Assembly Off to Rough Start

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By: 
Michelle Phillips

MIDDLETON–The Wisconsin State Assembly seemed to get off to a rough start last week after Representative Treig Pronschinske (R-Mondovi), chair of the Assembly Committee on Sporting Heritage, Small Business and Rural Issues called for in person hearings offering no remote option and Assembly Speaker Robyn Vos refused to pass a state COVID-19 bill after Gov. Tony Evers and the Wisconsin State Senate reached a compromise.

Dianne Hesselbein (D-Middleton), who represent the 79th Assembly District said she saw no reason that she should have to appear in person during the pandemic when the Senate is allowing a call in option. She said this inhibited assembly members’ ability to ask questions and added that those that appear in person were not wearing masks, further endangering their colleagues. 

“I had to watch the hearing on Wisconsin Eye,” Hesselbein stated.

In addition, Hesselbein said Capitol Police sent an email asking legislators to work from home if possible due to concerns over unrest surrounding the Presidential Inauguration.

Vos made the decision to meet in person up to the committee chairs, and Hesselbein noted that the legislators and their staff have been working remotely and questioned why committees were different.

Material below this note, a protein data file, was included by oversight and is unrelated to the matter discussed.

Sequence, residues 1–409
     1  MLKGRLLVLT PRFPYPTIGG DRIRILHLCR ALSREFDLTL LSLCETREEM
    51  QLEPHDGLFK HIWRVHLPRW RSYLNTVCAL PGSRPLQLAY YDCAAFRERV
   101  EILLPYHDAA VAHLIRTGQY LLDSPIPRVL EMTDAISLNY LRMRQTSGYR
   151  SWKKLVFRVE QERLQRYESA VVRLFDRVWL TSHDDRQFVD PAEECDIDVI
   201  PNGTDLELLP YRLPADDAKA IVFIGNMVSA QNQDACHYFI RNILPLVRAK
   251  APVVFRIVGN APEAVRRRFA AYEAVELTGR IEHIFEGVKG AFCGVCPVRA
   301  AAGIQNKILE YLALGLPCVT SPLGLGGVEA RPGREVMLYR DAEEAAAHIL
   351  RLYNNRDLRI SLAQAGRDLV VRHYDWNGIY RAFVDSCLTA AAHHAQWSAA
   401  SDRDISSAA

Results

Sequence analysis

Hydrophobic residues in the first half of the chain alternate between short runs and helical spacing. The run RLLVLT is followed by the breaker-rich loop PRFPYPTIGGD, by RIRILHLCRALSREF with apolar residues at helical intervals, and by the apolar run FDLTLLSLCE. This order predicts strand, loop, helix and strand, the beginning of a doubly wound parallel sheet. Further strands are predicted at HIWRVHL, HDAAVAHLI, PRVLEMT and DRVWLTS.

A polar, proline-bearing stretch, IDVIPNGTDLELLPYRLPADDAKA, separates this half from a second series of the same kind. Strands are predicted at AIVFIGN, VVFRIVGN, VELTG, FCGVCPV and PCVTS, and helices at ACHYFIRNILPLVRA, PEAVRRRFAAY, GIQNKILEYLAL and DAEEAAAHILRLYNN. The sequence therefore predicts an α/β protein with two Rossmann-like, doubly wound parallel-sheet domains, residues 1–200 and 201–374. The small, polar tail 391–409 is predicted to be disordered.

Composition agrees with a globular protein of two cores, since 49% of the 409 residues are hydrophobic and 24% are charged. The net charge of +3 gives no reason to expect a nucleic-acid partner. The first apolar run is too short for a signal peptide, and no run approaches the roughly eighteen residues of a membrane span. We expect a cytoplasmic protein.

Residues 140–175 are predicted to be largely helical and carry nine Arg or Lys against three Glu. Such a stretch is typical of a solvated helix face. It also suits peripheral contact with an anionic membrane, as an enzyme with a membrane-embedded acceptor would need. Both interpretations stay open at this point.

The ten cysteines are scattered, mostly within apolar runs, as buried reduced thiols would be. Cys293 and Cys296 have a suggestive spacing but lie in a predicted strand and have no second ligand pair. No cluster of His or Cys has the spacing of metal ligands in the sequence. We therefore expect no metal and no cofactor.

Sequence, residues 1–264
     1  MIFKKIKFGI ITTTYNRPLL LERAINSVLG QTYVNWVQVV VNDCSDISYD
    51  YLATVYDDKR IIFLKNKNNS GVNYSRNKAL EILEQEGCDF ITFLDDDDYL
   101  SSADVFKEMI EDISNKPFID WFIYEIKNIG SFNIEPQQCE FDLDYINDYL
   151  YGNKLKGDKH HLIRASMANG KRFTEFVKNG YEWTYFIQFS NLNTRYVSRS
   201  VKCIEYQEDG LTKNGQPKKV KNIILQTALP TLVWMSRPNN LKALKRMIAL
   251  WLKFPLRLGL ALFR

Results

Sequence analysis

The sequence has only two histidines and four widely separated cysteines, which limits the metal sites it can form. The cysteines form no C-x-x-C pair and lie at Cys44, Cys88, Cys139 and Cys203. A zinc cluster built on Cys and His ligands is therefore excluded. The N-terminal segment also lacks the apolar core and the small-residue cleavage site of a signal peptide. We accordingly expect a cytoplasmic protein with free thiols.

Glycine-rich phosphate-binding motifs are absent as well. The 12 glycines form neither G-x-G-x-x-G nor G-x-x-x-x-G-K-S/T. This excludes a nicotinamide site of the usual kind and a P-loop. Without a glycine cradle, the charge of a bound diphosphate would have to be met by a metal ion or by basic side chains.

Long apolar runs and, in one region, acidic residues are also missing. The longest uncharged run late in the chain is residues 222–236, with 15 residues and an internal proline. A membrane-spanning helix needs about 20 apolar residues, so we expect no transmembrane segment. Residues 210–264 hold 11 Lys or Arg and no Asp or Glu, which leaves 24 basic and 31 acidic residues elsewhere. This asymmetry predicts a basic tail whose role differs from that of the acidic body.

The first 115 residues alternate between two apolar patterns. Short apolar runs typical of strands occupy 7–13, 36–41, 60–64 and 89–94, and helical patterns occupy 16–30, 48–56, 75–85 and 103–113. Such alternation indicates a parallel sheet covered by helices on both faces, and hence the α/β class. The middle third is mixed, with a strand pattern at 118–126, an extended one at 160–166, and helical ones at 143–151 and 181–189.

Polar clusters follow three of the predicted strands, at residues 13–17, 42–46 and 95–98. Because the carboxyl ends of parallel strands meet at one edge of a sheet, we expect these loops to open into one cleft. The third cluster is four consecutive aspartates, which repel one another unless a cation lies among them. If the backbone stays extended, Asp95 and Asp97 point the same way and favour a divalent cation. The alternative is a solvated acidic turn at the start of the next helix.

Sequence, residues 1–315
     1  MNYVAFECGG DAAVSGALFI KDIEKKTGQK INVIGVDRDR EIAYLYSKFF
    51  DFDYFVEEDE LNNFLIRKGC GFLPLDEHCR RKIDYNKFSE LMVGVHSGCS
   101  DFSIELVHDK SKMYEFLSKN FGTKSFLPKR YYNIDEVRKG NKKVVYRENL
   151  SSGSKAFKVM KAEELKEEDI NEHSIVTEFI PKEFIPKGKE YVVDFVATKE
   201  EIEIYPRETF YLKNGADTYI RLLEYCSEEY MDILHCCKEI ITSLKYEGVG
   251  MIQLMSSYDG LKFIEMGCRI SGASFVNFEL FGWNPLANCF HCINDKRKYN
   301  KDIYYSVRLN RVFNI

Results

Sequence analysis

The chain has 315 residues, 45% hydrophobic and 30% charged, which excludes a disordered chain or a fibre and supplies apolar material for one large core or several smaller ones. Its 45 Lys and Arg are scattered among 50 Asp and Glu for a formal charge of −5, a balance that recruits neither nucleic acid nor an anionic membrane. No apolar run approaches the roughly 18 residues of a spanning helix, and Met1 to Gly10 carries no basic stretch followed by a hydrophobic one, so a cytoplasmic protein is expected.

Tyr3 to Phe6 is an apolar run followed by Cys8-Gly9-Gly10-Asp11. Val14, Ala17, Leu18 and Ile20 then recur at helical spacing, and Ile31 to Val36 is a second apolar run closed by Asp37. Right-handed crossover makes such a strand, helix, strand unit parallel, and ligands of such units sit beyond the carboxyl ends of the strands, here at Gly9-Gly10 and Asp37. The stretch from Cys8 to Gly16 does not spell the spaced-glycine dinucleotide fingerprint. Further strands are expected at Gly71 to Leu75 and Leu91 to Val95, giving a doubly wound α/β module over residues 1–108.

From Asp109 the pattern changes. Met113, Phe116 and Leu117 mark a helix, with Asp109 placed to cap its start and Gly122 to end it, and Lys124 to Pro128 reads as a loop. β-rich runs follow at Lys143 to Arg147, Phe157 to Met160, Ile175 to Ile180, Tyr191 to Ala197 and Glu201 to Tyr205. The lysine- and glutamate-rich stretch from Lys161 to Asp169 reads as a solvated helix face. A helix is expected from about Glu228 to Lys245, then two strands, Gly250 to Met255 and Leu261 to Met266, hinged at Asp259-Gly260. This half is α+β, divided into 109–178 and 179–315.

“I’m safer going to Target or Metcalf’s,” Hesselbein said.

As for the COVID-19 bill, the senate came to a compromise with the governor, but Vos refused a vote on the compromise and doesn’t want to support the senate bill, passed on Jan. 12, Hesselbien said. 

The Assembly bill, which was voted on Jan. 7, has several items that seemed to be sticking points when they were left out of the compromise. Some of those measures were, release businesses from liability if employees become infected at work, giving legislative control over COVID-19 funds and disbursement and making it harder for schools to offer remote learning options. 

The Assembly bill would also prohibit employers from requiring vaccines and mandatory vaccines for the public and require state employees to return to work in person, none of which were included in the senate’s amended version. 

The Senate bill requires Medicaid to cover vaccines and testing and removed a provision that prevents health agencies from closing businesses for more two weeks. 

“It’s not perfect, but it is a compromise,” Hesselbein said of the amended Senate bill. 

 

 

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